The article, 2 Marines Deny Suspecting Haditha War Crime, by Paul Von Zielbaur, details testimony by two First Lieutenants which was just made public. The recently released testimony is from First Lt. Alexander Martin and First Lt. Max D. Frank.
Lt. Martin testified that the killings in Haditha had made the civilian population more cooperative:
After 19 November, I had people coming up to me to tell me where the I.E.D.’s [land mines] were.
Lt. Frank testified about the activities of the detail which policed the scene. According to the Times report:
Lieutenant Frank told a Marine prosecutor that each of the eight bodies he found on the bed had “multiple holes” in it, and that one child’s head was missing. But Lieutenant Frank repeatedly said in his testimony that he had never considered the possibility that a war-crime violation had occurred, the legal threshold under Marine Corps regulations that compels an episode to be reported to a superior officer…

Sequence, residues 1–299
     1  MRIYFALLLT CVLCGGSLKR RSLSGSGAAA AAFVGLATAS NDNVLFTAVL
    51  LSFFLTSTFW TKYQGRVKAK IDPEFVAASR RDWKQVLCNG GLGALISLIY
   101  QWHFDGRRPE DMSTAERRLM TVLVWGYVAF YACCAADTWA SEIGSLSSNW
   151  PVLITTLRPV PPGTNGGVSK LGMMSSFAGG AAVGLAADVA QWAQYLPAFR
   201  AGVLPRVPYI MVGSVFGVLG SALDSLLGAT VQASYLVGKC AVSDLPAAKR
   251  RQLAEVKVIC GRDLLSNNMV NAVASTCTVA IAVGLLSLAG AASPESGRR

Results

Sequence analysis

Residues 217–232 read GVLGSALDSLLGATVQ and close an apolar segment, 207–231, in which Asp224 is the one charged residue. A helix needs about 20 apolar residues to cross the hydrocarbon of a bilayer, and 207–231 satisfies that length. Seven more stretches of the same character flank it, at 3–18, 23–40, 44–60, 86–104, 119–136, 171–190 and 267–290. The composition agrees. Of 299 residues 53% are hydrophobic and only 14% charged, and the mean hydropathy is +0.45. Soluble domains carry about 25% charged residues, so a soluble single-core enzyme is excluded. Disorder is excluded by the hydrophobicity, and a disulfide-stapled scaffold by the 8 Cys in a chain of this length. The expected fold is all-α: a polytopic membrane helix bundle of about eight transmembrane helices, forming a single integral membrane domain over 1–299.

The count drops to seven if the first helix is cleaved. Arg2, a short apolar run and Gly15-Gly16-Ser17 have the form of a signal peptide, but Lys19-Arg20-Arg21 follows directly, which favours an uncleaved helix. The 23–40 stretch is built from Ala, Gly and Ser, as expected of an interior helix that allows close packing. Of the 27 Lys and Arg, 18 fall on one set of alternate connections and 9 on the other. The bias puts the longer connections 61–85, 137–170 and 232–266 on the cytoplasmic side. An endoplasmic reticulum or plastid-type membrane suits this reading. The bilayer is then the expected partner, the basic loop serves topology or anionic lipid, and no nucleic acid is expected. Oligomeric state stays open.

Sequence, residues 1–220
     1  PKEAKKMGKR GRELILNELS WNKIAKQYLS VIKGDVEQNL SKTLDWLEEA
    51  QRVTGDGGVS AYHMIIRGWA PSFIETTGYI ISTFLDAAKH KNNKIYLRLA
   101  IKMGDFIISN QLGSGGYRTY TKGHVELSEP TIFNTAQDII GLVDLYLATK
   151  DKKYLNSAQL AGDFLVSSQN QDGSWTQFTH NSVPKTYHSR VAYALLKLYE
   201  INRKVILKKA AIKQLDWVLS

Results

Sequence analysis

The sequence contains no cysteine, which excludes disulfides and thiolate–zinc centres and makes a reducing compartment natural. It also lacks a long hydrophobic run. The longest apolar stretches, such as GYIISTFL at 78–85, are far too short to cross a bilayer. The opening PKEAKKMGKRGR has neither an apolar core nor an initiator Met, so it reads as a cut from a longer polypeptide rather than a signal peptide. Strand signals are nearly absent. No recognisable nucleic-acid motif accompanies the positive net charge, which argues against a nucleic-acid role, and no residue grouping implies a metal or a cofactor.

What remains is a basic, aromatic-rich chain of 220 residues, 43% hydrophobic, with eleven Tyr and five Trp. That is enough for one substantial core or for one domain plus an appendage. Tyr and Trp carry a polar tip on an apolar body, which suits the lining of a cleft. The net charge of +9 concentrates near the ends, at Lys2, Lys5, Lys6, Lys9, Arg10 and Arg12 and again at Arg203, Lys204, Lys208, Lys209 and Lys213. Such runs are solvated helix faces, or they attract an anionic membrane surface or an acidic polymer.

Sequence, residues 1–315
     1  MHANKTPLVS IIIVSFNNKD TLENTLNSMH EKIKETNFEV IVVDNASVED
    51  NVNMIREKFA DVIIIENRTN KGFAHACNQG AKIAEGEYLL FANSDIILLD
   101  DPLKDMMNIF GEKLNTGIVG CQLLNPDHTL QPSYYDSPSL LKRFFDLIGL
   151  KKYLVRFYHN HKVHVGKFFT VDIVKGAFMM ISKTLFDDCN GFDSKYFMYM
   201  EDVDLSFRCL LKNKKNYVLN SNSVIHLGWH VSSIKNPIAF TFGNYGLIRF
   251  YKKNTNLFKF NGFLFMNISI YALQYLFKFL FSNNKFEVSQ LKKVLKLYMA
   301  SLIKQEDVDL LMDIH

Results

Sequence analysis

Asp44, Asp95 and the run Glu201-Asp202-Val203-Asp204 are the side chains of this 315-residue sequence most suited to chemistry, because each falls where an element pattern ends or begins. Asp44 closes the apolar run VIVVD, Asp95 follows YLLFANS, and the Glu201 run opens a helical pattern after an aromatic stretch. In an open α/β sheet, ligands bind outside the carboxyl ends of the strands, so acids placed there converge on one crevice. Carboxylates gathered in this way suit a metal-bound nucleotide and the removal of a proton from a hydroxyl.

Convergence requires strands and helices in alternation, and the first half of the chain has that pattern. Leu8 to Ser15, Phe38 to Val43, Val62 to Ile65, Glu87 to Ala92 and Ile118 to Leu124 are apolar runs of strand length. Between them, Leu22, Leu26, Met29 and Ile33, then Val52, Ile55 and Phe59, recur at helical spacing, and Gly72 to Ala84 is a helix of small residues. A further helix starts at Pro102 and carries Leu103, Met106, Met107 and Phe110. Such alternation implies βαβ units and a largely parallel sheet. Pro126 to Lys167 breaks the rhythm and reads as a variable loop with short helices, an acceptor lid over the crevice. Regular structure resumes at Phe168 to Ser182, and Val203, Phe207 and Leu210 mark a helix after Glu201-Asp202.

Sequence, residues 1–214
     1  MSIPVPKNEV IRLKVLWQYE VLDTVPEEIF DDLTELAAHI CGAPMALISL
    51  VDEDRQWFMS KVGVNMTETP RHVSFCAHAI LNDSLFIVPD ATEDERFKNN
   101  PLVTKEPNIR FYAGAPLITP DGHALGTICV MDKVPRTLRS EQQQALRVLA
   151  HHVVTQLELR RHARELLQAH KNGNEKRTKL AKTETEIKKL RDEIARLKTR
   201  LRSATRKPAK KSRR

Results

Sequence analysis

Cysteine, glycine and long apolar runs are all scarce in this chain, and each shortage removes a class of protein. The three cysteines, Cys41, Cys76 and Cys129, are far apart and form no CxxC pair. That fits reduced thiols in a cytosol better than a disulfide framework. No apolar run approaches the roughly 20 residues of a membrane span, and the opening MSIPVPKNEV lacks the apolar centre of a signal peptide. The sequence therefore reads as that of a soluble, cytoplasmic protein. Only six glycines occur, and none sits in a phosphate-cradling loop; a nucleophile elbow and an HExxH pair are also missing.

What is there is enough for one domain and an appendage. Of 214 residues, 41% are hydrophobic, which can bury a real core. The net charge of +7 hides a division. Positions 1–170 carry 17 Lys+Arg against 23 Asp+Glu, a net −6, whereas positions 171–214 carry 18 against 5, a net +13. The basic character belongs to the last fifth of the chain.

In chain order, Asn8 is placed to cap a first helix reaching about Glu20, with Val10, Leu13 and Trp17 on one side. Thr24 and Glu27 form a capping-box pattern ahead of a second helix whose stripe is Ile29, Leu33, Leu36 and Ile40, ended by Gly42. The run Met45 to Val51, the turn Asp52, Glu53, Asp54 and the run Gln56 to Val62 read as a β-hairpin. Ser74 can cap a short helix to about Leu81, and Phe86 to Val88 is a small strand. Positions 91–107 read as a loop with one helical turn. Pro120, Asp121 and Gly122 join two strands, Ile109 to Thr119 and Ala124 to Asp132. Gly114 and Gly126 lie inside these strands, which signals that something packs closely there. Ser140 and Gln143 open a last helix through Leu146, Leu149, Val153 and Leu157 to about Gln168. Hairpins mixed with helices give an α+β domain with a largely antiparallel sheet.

The marines had only four or five body bags at the base and used them to collect the largest of the dead civilians, said Lieutenant Frank. The children’s remains were placed in trash bags, he said. When the marines’ four-Humvee convoy carrying the bodies arrived at a local hospital morgue that evening, Iraqi workers reacted in horror and some vomited at the sight, he testified.